(624f) Exploiting High-Throughput Experiments in Bayesian Optimization | AIChE

(624f) Exploiting High-Throughput Experiments in Bayesian Optimization


Gonzalez, L. - Presenter, University of Wisconsin-Madison
Zavala, V., University of Wisconsin-Madison
High-throughput experimentation (HTE) has become a powerful approach for driving discovery in research domains that span large parameter spaces. Over the past decade, scientists in catalysis [1], pharmaceuticals [2], synthetic biology [3], and chemical engineering [4] have increasingly adopted the use of HTE platforms; such platforms permit experiments to be automated and run in parallel, significantly decreasing costs in terms of time and economics. However, due to the large number of variables involved, determining optimal conditions at which to perform these types of experiments is often an infeasible task for human researchers. As a result, many HTE labs rely on screening, a process where experiments are performed at points along a grid of the parameter space to identify potential candidate solutions [5]. While this approach has proven useful, coupling HTE with an effective design of experiments (DoE) strategy can greatly augment the capabilities of these platforms by reducing time and materials required to discover new formulations.

Bayesian optimization (BO) has proven to be one of the most effective machine learning (ML) algorithms for DoE [6]. BO is widely used in applications such as hyper-parameter tuning of ML models and reinforcement learning, and it has been shown to be a sample-efficient learning algorithm [7]. Of particular interest to researchers is the flexibility of BO; specifically, this approach is capable of accommodating both continuous and discrete parameters [8]. Unfortunately, the inherently sequential nature of BO makes it incompatible with DoE on HTE platforms. Ad-hoc modifications to the BO algorithm that would give it parallelization capabilities have been developed [9, 10, 11], and experimental results have demonstrated that these approaches can provide better performance than sequential BO [12]. However, these approaches are limited in the degree of parallelization that can be achieved, and can increase the complexity of the BO algorithm, making it slower and more difficult to implement.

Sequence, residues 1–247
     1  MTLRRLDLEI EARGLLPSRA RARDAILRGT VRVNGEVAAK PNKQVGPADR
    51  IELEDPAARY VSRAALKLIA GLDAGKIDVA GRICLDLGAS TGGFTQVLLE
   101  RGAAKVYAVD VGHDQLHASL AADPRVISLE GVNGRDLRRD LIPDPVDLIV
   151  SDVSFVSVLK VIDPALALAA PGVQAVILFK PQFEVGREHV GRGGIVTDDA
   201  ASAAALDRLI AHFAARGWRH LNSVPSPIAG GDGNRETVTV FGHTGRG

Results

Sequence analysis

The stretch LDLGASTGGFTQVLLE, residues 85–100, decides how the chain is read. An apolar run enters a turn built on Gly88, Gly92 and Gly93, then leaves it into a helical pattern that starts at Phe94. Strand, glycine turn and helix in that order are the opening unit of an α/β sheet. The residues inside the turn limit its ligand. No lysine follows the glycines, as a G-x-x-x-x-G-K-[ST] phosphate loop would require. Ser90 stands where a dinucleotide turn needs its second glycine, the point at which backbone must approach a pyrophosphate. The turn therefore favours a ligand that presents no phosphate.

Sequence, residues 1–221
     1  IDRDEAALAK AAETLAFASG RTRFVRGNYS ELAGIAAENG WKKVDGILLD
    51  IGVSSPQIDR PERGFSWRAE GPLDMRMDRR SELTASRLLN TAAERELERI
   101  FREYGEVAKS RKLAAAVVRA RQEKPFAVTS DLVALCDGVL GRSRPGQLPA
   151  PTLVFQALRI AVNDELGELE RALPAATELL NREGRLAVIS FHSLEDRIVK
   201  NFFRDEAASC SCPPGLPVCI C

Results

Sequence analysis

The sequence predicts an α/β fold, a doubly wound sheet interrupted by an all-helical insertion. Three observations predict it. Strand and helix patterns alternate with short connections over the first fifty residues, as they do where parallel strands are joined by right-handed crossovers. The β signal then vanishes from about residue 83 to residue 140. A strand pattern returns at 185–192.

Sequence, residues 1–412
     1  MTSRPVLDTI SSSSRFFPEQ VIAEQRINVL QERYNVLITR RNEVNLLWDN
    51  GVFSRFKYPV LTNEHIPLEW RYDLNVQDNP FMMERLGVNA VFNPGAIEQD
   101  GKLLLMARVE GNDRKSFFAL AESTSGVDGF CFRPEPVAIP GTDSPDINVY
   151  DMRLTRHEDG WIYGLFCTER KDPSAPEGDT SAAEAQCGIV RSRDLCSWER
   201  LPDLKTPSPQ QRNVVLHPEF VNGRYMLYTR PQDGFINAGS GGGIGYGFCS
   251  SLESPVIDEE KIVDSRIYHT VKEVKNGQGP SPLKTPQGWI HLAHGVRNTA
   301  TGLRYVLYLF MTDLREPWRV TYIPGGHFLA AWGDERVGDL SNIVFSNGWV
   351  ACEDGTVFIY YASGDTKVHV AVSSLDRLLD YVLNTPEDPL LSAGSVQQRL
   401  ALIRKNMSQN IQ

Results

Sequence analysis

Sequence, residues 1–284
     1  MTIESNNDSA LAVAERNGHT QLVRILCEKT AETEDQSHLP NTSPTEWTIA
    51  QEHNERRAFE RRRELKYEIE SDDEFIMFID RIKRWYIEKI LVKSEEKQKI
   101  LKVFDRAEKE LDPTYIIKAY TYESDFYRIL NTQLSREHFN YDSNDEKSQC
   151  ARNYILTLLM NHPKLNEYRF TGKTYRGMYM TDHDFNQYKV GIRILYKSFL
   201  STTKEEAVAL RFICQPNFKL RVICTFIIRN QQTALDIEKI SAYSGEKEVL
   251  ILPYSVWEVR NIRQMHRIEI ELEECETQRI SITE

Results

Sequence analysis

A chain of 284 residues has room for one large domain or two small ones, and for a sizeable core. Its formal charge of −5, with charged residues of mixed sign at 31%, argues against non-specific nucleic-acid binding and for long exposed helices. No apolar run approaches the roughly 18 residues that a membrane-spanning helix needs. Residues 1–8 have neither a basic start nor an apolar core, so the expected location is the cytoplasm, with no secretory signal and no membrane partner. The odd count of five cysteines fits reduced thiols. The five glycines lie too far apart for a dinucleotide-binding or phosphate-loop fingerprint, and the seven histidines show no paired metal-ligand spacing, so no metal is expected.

In this work, we propose strategies for parallelizing BO algorithms and with this exploit HTE platforms. These strategies are centered around modifications to the optimization routine of the acquisition function (AF), which serves as the decision-making mechanism for BO. Our approaches are focused around new and effective ways for partitioning the parameter space, allowing the AF to select multiple sampling points in tandem; we then assign a module to explore and optimize a specified objective in each partition. By processing the obtained data into a central model that is shared with each module, we ensure that they are able to observe global rather than local trends which further improves and accelerates the optimization routine. The methods we propose are scalable to any desired number of experiments, fully parallel, and designed to prevent redundant sampling. We apply our approach to a case study for a chemical reactor network where the aim is to select the temperature of each reactor that will minimize the yearly operating cost of the system. In addition to sequential BO, we also compare the performance of our parallel BO algorithm with existing parallelization techniques found in the literature such as Hyperspace [13], NxMC [14], and AF optimization over a set of exploratory parameters [15].

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[12] M. Todd Young, Jacob D. Hinkle, Ramakrishnan Kannan, and Arvind Ramanathan. Distributed Bayesian optimization of reinforcement learning algorithms. Journal of the Parallel and Distributed Computing, 139(1):43–52, 2020.

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[14] Jasper Snoek, Hugo Larochelle, and Ryan P Adams. Practical Bayesian optimization of machine learning algorithms. In Advances in Neural Information Processing Systems, volume 25, pages 2951–2959. Curran Associates, Inc., 2012.

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